Reproducibility is the cornerstone of scientific research. A lack of reproduced data causes knowledge gaps, skepticism towards scientific research and an inability to subject hypotheses to changing conditions thereby minimizing their acceptance especially beyond the immediate scientific community (Jarvis and Williams 2016). In modern scientific research however, reproducibility studies have often failed. For example, Begley and Ioannidis (2015) describe that Bayer HealthCare Germany was unable to reproduce 65% of the studies it attempted to recreate. An even more dismal 89% failure rate was reported by Amgen and the M.D. Anderson Cancer center (Begley and Ioannidis 2015). The reasons cited for this include sloppy initial research, bad statistical analysis and often outright forgery of data. There is also the issue of incentives, and that will be the focus of this proposal.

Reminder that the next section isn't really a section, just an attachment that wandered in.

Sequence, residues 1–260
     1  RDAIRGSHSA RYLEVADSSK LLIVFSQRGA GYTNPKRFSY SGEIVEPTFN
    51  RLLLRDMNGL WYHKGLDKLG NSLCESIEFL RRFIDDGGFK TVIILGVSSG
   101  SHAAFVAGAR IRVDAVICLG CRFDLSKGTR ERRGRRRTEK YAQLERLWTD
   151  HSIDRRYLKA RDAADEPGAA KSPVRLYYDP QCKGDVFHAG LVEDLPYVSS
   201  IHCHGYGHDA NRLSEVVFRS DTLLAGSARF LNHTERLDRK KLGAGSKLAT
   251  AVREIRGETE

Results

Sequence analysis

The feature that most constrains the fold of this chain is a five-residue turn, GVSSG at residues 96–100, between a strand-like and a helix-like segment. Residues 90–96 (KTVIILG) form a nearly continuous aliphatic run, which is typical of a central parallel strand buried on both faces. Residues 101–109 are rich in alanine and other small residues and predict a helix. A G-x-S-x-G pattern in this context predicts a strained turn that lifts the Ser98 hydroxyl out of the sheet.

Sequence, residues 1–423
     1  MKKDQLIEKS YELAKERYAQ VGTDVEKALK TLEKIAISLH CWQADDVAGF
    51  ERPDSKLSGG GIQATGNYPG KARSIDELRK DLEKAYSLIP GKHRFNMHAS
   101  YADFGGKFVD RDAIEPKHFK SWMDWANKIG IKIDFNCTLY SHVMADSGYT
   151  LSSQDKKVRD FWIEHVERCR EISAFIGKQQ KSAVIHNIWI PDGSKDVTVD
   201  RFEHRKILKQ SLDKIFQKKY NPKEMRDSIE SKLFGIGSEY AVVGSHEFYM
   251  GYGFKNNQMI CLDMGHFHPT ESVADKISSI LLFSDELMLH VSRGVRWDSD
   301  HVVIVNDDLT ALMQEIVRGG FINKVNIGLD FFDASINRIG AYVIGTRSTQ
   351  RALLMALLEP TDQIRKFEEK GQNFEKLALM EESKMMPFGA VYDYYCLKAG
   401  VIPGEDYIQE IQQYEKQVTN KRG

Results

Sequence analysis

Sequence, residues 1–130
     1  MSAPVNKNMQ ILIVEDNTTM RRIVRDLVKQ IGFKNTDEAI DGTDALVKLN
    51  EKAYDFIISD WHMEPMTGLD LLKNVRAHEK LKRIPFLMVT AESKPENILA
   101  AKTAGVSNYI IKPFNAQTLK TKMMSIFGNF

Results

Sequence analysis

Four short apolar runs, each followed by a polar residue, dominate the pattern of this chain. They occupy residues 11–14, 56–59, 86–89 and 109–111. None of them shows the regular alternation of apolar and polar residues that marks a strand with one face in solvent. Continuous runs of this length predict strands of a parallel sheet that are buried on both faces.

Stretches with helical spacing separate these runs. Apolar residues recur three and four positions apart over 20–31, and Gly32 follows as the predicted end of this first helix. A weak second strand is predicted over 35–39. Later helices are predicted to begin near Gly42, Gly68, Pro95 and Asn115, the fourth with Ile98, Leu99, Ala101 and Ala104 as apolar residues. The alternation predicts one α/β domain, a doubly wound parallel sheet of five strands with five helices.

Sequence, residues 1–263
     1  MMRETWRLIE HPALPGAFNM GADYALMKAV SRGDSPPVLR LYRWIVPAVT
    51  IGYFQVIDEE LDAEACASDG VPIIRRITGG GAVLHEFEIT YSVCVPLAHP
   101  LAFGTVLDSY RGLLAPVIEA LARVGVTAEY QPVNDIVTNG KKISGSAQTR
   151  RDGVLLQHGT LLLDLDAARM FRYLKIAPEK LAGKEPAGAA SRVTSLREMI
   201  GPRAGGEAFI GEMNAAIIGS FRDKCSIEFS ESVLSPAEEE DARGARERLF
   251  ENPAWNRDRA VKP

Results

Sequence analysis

As noted by Alberts et al (2015), reproducibility is not viewed as a priority in the field of science from a professional or financial standpoint. The pressure to publish novel findings, year after year, is endemic to the scientific community. In this environment, it is simply not a viable practice to either publish data which disappoints or to spend time on reproducibility which would take time away from working on new studies. This leads to a situation where a reproducibility crisis is almost inevitable. To reverse it will need a re-ordering of incentives. Ioannidis (2014) commented upon the issue of incentives, noting that the drivers of research are chiefly the ability to publish and/or profit and in this regard that external corporate pressures will continue to ensure that these will be the primary drivers of science. Working within this framework, rather than overturning it, seems to be a realistic and fruitful endeavor.